Chesapeake Bay Maritime Museum and Historic St. Mary’s City
July 10, 2017
Local and state officials visited the Chesapeake Bay Maritime Museum’s St. Michaels campus Friday, July 7, 2017 to celebrate a new partnership between CBMM and the Historic St. Mary’s City Commission. Speakers at the event included Adelaide Eckardt, Maryland state senator; Johnny Mautz, Maryland state delegate; Jeannie Haddaway-Riccio; deputy chief of staff for Governor Larry Hogan; and Father William George, board chairman of the Historic St. Mary’s City Commission.
The two organizations will pool their expertise to design and construct the next iteration of Maryland Dove, a replica of the late 17th century trading ship that brought the first settlers to what is now Maryland.
“This is a unique opportunity, a very historic opportunity as we bring together two of our wonderful highlights, both from the Eastern Shore and Southern Maryland,” Edkardt said. “We work together with a lot of initiatives but this is a new pioneering ground where we bring together our deep, rich history, our cultural background, and our trades and crafts. We’re going to be very excited to see how it moves forward and to be a model, to be the template, for where we want go in the future with Maryland.”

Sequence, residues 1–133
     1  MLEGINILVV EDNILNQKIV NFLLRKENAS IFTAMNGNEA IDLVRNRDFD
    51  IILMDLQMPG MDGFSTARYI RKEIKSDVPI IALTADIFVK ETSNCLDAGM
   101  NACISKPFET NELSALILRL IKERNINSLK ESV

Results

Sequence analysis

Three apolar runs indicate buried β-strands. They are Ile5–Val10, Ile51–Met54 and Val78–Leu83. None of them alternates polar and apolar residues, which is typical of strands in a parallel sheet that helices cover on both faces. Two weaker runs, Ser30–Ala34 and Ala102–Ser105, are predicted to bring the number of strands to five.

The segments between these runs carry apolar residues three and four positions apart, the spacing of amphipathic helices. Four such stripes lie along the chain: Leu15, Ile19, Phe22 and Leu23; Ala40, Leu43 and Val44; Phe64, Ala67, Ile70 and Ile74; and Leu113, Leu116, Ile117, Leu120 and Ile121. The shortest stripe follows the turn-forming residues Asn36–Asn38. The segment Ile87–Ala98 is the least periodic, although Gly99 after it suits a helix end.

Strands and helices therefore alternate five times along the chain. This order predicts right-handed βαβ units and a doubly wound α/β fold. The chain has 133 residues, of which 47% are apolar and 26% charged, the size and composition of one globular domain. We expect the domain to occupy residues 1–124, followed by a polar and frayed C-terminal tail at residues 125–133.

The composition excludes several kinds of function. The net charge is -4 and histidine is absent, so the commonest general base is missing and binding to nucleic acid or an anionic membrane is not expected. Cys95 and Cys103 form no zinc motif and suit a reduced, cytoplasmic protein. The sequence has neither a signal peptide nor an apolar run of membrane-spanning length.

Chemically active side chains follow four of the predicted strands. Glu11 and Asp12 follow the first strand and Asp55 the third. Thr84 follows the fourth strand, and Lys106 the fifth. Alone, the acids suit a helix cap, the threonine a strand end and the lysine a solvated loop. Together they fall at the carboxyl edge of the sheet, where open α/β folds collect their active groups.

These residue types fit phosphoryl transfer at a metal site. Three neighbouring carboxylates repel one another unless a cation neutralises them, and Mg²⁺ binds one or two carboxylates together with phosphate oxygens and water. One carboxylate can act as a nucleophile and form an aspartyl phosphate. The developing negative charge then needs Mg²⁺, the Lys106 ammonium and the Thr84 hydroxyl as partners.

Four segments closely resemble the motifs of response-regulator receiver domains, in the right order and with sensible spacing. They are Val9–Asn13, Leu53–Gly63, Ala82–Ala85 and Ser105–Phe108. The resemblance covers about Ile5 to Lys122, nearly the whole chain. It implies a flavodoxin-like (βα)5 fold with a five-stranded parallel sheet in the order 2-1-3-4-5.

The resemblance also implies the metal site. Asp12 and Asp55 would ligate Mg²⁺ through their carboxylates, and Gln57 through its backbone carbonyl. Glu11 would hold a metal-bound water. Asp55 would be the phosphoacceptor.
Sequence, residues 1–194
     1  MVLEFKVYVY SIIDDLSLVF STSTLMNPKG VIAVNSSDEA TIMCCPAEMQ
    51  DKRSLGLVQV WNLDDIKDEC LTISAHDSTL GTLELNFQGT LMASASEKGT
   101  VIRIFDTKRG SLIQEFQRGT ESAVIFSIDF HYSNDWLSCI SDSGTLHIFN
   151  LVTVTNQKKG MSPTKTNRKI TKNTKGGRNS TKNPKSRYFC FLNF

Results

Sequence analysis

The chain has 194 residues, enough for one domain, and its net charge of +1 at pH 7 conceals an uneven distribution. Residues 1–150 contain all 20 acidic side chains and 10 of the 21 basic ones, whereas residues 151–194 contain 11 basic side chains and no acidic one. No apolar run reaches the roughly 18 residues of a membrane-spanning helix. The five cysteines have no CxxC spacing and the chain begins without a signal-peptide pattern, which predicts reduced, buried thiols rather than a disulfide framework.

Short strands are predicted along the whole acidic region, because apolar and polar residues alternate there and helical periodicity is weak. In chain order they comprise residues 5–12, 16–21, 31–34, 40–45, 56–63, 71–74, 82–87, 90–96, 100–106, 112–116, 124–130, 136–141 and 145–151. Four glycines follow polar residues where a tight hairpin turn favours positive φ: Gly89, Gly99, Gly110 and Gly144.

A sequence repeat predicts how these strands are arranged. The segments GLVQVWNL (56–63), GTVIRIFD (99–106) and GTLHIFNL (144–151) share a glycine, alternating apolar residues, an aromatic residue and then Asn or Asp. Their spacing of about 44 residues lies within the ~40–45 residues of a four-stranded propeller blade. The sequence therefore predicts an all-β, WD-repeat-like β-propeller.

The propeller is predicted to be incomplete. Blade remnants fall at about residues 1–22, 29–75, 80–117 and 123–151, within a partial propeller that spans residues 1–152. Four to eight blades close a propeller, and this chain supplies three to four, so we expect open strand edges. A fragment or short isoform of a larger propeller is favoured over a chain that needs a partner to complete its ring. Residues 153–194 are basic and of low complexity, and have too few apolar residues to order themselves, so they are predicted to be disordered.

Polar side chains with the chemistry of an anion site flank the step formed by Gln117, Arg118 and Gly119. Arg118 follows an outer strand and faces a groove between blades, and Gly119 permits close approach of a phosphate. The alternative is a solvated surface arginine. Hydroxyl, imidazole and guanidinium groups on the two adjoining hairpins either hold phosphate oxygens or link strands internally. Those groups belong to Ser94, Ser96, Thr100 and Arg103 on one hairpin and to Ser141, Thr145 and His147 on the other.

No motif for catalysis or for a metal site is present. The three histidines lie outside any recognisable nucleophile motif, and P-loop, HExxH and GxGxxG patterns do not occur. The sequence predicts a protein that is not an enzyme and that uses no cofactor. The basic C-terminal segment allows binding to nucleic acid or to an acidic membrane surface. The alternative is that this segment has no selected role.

Built in a shipyard near Cambridge, Md. in 1978, Maryland Dove is owned by the state of Maryland and operated and maintained by the Historic St. Mary’s City Commission.
“HSMC and CBMM are natural partners in this project,” said Regina Faden, executive director at Historic St. Mary’s City. “It fulfills both our missions and delivers a new Dove to tell the story of (early) Maryland.”
Maryland Dove is Historic St. Mary’s City’s floating ambassador and one of its most popular exhibits. The ship design is based on the original Dove that sailed to the Maryland colony with the Ark in 1634. The Dove was a small ship used in shallow waterways along the coast while the first colony and capital was being established.
“This is a true Maryland project, and one we’re thrilled to be involved with,” said CBMM President Kristen Greenaway.